When I was a kid, I used to eat all of my pizza except the crust. I did the same thing with my sandwiches, to which my father would note “but that’s the best part!”
Fast-forward 30 years and I’m now that Dad, observing (and participating in) a culture that loves nothing more than obliging our finicky kids. These days, crust doesn’t even need to enter the picture. Food bloggers have found a Google goldmine with the search term “crustless pizza,” and marketers (or perhaps it was Spawn of the Devil Himself) conjured up the absurdity of crustless sandwiches and sold it to Smucker’s.
On an intellectual level, that’s how I should feel about White Pinot Noir. Why would you grow one of the world’s most beautiful, expressive grapes only to do nothing with the skins? It seems like a waste. Like a lame gimmicky endeavor to “enhance your portfolio of wines.” Granted, they’ve been doing it for years in Champagne, and for good reason. Pinot Noir’s juice is pure and voluptuous and in the right hands from the right terroir, it can add enormous character to traditional method sparkling wines.
But still … I can’t help seeing my Dad standing in the winery pointing at those skins in the press. “But that’s the best part!”
The funny thing is, I kind of like the White Pinot Noir from Oregon’s Tendril Wine Cellars. A half-case of their wine was sent to me as samples earlier this year, and as I worked my way through some of their Pinot Noir and Chardonnay, it was the White Pinot Noir called “Pretender” that stood out.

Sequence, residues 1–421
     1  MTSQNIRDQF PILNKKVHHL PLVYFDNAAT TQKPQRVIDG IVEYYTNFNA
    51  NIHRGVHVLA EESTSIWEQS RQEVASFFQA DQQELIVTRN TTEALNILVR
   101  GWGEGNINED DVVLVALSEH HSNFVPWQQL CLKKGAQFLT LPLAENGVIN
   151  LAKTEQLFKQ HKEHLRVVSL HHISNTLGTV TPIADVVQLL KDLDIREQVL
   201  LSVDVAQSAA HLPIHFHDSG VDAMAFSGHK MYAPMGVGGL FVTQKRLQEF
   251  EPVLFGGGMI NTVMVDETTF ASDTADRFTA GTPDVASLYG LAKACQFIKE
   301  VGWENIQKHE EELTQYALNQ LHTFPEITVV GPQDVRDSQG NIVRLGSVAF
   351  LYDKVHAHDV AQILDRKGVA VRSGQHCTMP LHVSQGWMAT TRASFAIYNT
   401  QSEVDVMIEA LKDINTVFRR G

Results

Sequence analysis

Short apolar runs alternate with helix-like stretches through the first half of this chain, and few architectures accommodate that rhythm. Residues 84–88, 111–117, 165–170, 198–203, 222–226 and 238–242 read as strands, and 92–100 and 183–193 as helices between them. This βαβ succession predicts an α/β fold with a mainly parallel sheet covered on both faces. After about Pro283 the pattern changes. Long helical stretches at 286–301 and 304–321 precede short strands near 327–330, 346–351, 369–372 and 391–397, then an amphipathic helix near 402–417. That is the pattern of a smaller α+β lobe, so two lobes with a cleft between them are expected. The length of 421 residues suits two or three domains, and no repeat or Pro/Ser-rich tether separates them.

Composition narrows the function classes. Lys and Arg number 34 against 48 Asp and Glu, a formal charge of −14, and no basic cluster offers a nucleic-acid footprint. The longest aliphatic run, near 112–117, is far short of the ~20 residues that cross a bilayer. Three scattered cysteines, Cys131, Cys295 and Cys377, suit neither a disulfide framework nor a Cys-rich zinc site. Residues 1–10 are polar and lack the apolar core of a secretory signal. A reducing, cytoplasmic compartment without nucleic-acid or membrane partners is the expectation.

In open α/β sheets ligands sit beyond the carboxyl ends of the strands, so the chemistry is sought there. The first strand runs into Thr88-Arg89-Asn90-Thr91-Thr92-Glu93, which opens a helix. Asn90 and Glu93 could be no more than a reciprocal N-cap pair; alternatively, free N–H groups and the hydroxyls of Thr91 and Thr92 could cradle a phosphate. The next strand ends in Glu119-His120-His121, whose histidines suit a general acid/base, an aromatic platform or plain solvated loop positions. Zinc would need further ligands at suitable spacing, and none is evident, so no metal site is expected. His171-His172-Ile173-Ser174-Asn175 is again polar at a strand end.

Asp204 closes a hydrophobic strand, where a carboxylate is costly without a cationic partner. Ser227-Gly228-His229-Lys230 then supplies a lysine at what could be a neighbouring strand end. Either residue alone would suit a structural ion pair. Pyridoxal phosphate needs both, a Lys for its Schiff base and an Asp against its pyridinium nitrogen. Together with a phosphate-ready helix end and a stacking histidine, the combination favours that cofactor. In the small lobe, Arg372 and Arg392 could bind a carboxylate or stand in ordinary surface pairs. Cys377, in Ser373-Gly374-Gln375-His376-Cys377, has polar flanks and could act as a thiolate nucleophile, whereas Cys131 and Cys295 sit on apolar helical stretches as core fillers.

Not surprisingly, The Pretender fills roughly the same role at the table as that other Burgundy grape, Chardonnay. It’s full-bodied for a white, rounded, and by no means a wallflower. However, whereas many efforts with Chardonnay are forceful, overloaded with tartness and sweetness and oak, this wine was balanced, even-tempered and dare-I-say, fun. There was a hint of oak coming through and it reminded me of creme brûlée. I get where they were going with the name, but it didn’t feel like it was pretending to be Chardonnay or Pinot Noir. It’s light rose-copper color and exotic aromas had me thinking about the mad experiments of Friuli-Venezia Giulia instead.
Now, would I pair it with an Uncrustable Sandwich? Hell no. Have you seen those things up close? Maybe a crustless pizza (but only if its topped with roasted garlic, crimini mushrooms and herbs).
2014 Tendril Wine Cellars “Pretender” White Pinot Noir
Willamette Valley AVA, Oregon
Grapes: Pinot Noir (100%)
Ratings: ★★★★ 1/4 (out of five)
• Food-friendliness: Versatile
• Value: A Little Pricey
Tasting notes: This wine has a beautiful and unusual color with a tinge of rose-copper to it. Aromas are rich and satisfying, conveying golden apples, pear, creme brûlée and yellow flowers. Mellow and a bit restrained on the palate, but improves with food. Smooth, with a faint trace of oak and a surprisingly long finish.
Serving suggestion: Serve it like you would a Chardonnay (with a white pizza covered with earthy and snappy toppings), or open up the pairing options to the tangy, savory flavors of a bahn mi sandwich.
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